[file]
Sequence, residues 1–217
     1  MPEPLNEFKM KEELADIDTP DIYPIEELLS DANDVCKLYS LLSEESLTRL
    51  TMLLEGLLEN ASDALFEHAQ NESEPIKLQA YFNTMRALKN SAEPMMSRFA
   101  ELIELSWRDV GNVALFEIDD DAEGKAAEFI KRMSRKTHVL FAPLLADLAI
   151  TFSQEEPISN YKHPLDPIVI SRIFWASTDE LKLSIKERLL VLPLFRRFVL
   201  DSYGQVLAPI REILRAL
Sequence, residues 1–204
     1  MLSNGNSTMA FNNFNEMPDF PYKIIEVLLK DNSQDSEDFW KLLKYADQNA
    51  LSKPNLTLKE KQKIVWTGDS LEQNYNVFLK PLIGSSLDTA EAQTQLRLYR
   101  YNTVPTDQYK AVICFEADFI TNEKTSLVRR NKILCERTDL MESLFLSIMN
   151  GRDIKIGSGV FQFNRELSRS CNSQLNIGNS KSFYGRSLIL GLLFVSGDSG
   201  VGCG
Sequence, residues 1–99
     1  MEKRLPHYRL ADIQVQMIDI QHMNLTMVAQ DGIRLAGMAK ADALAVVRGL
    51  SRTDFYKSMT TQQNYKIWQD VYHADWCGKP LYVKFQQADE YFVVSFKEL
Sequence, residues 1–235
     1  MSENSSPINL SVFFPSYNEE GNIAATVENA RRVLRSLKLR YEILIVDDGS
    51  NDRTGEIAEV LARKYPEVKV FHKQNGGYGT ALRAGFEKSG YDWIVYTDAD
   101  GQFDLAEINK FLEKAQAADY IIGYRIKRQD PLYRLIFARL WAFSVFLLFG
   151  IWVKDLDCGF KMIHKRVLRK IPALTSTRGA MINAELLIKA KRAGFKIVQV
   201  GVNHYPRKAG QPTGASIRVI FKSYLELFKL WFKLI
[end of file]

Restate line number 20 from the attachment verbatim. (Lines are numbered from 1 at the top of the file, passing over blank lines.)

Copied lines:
   151  IWVKDLDCGF KMIHKRVLRK IPALTSTRGA MINAELLIKA KRAGFKIVQV